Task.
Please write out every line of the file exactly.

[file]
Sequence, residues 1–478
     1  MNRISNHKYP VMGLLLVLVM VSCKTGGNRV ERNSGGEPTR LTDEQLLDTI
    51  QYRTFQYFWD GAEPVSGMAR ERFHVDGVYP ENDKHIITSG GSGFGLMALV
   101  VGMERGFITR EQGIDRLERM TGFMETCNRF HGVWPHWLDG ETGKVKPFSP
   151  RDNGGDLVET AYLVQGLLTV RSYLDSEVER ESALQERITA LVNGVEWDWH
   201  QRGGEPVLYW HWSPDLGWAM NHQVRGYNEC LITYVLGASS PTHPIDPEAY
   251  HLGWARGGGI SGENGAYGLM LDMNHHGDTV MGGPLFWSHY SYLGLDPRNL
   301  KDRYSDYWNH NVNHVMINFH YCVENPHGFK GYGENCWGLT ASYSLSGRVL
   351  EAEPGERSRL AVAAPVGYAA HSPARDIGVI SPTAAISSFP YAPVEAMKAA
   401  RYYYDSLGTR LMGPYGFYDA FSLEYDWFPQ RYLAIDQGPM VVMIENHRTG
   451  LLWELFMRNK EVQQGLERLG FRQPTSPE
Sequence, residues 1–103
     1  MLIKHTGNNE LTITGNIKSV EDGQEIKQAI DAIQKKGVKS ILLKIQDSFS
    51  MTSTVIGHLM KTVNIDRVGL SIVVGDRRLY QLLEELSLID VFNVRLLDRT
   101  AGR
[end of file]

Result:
Sequence, residues 1–478
     1  MNRISNHKYP VMGLLLVLVM VSCKTGGNRV ERNSGGEPTR LTDEQLLDTI
    51  QYRTFQYFWD GAEPVSGMAR ERFHVDGVYP ENDKHIITSG GSGFGLMALV
   101  VGMERGFITR EQGIDRLERM TGFMETCNRF HGVWPHWLDG ETGKVKPFSP
   151  RDNGGDLVET AYLVQGLLTV RSYLDSEVER ESALQERITA LVNGVEWDWH
   201  QRGGEPVLYW HWSPDLGWAM NHQVRGYNEC LITYVLGASS PTHPIDPEAY
   251  HLGWARGGGI SGENGAYGLM LDMNHHGDTV MGGPLFWSHY SYLGLDPRNL
   301  KDRYSDYWNH NVNHVMINFH YCVENPHGFK GYGENCWGLT ASYSLSGRVL
   351  EAEPGERSRL AVAAPVGYAA HSPARDIGVI SPTAAISSFP YAPVEAMKAA
   401  RYYYDSLGTR LMGPYGFYDA FSLEYDWFPQ RYLAIDQGPM VVMIENHRTG
   451  LLWELFMRNK EVQQGLERLG FRQPTSPE
Sequence, residues 1–103
     1  MLIKHTGNNE LTITGNIKSV EDGQEIKQAI DAIQKKGVKS ILLKIQDSFS
    51  MTSTVIGHLM KTVNIDRVGL SIVVGDRRLY QLLEELSLID VFNVRLLDRT
   101  AGR